Living In A Multi-Cloud World
by Sergi Isasi
A few months ago at Cloudflare’s Internet Summit, we hosted a discussion on A Cloud Without Handcuffs with Joe Beda, one of the creators of Kubernetes, and Brandon Phillips, the co-founder of CoreOS. The conversation touched on multiple areas, but it’s clear that more and more companies are recognizing the need to have some strategy around hosting their applications on multiple cloud providers.
Earlier this year, Mary Meeker published her annual Internet Trends report which revealed that 22% of respondents viewed Cloud Vendor Lock-In as a top 3 concern, up from just 7% in 2012. This is in contrast to previous top concerns, Data Security and Cost & Savings, both of which dropped amongst those surveyed.
At Cloudflare, our mission is to help build a better internet. To fulfill this mission, our customers need to have consistent access to the best technology and services, over time. This is especially the case with respect to storage and compute providers. This means not becoming locked-in to any single provider and taking advantage of multiple cloud computing vendors (such as Amazon Web Services or Google Cloud Platform) for the same end user services.
The Benefits of Having Multiple Cloud Vendors
There are a number of potential challenges when selecting a single cloud provider. Though there may be scenarios where it makes sense to consolidate on a single vendor, our belief is that it is important that customers are aware of their choice and downsides of being potentially locked-in to that particular vendor. In short, know what trade offs you are making should you decide to continue to consolidate parts of your network, compute, and storage with a single cloud provider. While not comprehensive, here are a few trade-offs you may be making if you are locked-in to one cloud.
For some companies, there may be a cost savings involved in spreading traffic across multiple vendors. Some can take advantage of free or reduced cost tiers at lower volumes. Vendors may provide reduced costs for certain times of day that are lower utilized on their infrastructure. Applications can have varying compute requirements amongst layers of the application: some may require faster, immediate processing while others may benefit from delayed processing at a lower cost.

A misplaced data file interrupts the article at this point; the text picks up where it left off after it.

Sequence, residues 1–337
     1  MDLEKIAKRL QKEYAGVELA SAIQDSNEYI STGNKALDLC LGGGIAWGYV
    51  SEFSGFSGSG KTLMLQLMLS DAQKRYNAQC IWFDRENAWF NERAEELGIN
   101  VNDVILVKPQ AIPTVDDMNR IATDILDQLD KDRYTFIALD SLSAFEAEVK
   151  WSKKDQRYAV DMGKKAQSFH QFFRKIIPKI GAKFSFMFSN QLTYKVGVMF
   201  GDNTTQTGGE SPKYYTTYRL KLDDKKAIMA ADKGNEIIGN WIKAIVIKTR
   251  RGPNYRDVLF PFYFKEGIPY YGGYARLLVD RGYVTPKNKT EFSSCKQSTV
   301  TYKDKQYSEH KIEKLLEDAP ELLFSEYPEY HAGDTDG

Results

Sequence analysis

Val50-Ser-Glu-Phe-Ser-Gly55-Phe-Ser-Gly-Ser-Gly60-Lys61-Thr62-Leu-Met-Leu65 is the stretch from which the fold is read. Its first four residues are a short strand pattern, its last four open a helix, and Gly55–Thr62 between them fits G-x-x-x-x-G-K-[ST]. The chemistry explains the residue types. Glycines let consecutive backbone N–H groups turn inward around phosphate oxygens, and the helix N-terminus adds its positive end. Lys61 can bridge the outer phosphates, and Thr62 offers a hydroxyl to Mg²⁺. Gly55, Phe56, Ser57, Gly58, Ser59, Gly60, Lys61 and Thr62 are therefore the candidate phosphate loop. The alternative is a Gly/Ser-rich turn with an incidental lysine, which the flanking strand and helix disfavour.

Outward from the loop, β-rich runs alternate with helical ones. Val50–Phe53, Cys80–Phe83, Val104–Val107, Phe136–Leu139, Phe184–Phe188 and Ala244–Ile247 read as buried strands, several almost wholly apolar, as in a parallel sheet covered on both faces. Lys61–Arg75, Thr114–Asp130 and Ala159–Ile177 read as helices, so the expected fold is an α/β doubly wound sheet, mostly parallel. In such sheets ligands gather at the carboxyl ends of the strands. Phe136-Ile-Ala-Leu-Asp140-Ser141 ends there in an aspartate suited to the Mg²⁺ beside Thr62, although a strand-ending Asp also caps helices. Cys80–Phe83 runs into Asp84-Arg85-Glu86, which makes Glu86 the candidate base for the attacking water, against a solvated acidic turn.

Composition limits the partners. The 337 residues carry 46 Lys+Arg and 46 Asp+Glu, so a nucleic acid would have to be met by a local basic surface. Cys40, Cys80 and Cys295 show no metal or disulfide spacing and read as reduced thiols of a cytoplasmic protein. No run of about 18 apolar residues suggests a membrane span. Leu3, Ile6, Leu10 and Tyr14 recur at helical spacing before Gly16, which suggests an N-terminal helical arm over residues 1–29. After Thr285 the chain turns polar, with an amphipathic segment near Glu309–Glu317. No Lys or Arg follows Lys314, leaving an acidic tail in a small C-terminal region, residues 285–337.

One of the most important reasons to consider deploying in multiple cloud providers is to minimize your reliance on a single vendor’s technology for your critical business processes. As you become more vertically integrated with any vendor, your negotiation posture for pricing or favorable contract terms becomes diminished. Having production ready code available on multiple providers allows you to have less technical debt should you need to change. If you go a step further and are already sending traffic to multiple providers, you have minimized the technical debt required to switch and can negotiate from a position of strength.
Business Continuity or High Availability
While the major cloud providers are generally reliable, there have been a few notable outages in recent years. The most significant in recent memory being Amazon’s US-EAST S3 outage in February. Some organizations may have a policy specifying multiple providers for high availability while others should consider it where necessary and feasible as a best practice. A multi-cloud strategy can lower operational risk from a single vendor’s mistakes causing a significant outage for a mission critical application.